Try:

class Block
def hash
to_a.hash
end
end


#4

Ken B.:

There’s nothing about hash codes that requires that
a.hash != b.hash if a != b
You want to avoid collisions as much as possible, but that’s an issue
of performance, not correctness, so you’d be perfectly correct in
adding up the hash codes of the members to create the has code.

True, but I do want to be able to key Hashes with my Blocks, so I do
want to avoid collisions as much as possible. I should’ve tested the
add-up-the-members’-hashes approach before/instead of crossing it out,
though.

You may want to look at
http://www.partow.net/programming/hashfunctions/
which discusses some relatively important hash functions.
You may have to experiment to see what works best. Wikipedia
may also have good information.

Thanks for the pointers! I knew about hash functions before, I just
wasn’t sure whether there’s an idiomatic/popular/proper Ruby approach
to writing #hash.

– Shot


#5

Eric H.:

On Jan 29, 2007, at 14:38, Shot (Piotr S.) wrote:

I’m stuck when it comes to Block#hash, though; I need these to be true:
Block.new.hash == Block.new.hash
Block.new([1,2]).hash == Block.new([1,2]).hash

Try:

class Block
def hash
to_a.hash
end
end

Thanks a lot, Eric! This is the ‘d’oh!’ solution I was looking for. :slight_smile:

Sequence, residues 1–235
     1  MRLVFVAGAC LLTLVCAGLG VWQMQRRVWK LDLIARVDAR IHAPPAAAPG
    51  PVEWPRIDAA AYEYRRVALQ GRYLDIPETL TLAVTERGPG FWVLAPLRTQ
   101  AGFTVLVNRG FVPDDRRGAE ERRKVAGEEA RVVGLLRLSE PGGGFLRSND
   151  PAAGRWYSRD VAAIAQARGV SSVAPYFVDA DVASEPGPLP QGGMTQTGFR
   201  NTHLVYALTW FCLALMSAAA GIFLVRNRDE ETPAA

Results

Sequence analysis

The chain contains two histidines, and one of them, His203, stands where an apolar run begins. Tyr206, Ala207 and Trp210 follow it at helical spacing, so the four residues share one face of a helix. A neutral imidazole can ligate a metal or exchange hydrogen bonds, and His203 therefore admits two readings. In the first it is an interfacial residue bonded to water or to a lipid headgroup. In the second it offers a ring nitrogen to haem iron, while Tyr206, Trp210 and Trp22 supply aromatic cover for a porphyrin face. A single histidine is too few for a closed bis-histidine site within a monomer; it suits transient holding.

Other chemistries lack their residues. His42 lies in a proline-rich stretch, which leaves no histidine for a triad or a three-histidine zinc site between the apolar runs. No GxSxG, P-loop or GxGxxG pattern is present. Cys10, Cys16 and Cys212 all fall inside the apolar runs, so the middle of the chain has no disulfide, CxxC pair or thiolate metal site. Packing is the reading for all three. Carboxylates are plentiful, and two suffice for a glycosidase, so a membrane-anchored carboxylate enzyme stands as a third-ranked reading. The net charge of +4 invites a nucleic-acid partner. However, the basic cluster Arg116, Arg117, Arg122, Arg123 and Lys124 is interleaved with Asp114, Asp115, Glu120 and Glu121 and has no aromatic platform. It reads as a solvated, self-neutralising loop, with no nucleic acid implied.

– Shot


#6

On Jan 29, 2007, at 23:26, Shot (Piotr S.) wrote:

def hash
to_a.hash
end
end

Thanks a lot, Eric! This is the ‘d’oh!’ solution I was looking for. :slight_smile:

You may want to define #eql? in terms of #to_a as well…


#7

Shot (Piotr S.) schrieb:

class Block
def hash
to_a.hash
end
end

Thanks a lot, Eric! This is the ‘d’oh!’ solution I was looking for. :slight_smile:

Shot, you should be aware that this works for your example given above,
but not for the following:

Block.new([1,12]).hash # => 57
Block.new([12,1]).hash # => 23

If this is a problem, you have to change the implementation to

class Block
def hash
sort.hash
end
end

Regards,
Pit


#8

On Tue, Jan 30, 2007 at 05:10:51PM +0900, Eric H. wrote:

class Block
def hash
to_a.hash
end
end

Thanks a lot, Eric! This is the e$B!Fe(Bde$B!Ge(Boh!e$B!Ge(B solution I was looking for.
:slight_smile:

You may want to define #eql? in terms of #to_a as well…